Conventional X-ray methods use incoming plane waves which result in discrete diffraction patterns when scattered at crystals. Here we find, by a systematic method, incoming waveforms which exhibit discrete diffraction patterns when scattered at helical structures. As examples we present simulated diffraction patterns of carbon nanotubes and tobacco mosaic virus. The new incoming waveforms, which we call twisted waves due to their geometric shape, are found theoretically as closed-form solutions to Maxwell's equations. The theory of the ensuing diffraction patterns is developed in detail. A twisted analogue of the Von Laue condition is seen to hold, with the peak locations encoding the symmetry and the helix parameters, and the peak intensities indicating the electronic structure in the unit cell. If suitable twisted X-ray sources can in the future be realized experimentally, it appears from our mathematical results that they will provide a powerful tool for directly determining the detailed atomic structure of numerous biomolecules and nanostructures with helical symmetries. This would eliminate the need to crystallize those structures or their subunits.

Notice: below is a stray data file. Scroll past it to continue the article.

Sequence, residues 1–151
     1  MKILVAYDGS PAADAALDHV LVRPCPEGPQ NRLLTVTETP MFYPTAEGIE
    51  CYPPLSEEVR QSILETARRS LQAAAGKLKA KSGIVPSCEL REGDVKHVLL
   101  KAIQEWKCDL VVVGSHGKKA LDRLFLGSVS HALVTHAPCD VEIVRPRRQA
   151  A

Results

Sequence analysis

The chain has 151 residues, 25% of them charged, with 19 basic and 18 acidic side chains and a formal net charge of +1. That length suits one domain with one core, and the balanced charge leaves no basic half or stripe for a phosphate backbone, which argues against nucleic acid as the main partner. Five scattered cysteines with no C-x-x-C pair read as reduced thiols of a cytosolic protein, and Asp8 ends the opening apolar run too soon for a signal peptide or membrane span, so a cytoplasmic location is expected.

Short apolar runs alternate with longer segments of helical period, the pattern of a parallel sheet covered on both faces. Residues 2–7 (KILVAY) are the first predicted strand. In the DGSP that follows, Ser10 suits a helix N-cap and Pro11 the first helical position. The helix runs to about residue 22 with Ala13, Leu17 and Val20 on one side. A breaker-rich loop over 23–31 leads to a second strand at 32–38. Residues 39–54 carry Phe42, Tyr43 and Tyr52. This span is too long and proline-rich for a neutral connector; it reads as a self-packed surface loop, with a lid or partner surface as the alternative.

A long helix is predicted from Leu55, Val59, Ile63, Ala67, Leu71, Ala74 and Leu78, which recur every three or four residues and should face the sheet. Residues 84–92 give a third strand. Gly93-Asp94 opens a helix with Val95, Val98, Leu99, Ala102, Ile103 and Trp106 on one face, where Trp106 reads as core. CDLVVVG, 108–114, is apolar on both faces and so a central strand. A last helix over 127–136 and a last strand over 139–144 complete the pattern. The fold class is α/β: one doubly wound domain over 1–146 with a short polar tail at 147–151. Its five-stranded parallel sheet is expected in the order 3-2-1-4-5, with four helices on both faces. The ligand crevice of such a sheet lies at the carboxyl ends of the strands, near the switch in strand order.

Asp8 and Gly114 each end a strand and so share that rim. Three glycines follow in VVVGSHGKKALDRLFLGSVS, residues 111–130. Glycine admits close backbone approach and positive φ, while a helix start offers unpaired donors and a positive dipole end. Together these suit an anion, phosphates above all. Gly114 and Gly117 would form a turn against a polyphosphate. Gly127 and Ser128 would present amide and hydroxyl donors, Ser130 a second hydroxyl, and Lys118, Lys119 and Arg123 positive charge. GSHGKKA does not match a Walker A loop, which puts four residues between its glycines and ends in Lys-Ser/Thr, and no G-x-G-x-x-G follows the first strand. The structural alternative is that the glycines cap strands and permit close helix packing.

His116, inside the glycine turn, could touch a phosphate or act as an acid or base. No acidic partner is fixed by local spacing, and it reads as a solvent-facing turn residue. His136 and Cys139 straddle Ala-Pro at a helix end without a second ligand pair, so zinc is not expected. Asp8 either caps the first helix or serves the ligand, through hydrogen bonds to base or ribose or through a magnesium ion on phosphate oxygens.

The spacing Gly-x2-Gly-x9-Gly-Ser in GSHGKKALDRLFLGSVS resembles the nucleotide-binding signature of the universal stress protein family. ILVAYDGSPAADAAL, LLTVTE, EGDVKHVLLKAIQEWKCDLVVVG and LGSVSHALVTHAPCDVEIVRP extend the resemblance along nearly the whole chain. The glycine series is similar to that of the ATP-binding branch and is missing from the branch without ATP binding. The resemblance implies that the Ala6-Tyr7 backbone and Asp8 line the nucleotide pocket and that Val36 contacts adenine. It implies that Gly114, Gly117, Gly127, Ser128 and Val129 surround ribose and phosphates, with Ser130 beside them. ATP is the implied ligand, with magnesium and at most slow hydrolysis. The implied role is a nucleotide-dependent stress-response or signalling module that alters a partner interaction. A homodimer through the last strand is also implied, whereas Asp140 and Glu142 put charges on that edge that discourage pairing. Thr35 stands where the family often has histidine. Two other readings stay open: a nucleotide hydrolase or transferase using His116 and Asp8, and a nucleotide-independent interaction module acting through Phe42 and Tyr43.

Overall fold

Bibliographical noteFunding Information:
This author's research was supported by the AFOSR (FA9550-15-1-0207) and partially supported by the ONR (N00014-14-0714), an NSF/PIRE grant (OISE-0967140), the MURI program (FA9550-12-1-0458), and a John Von Neumann visiting professorship at Technical University of Munich.
© 2016 Society for Industrial and Applied Mathematics.
- Helical structure
- Maxwell equations
- Poisson summation
- X-ray diffraction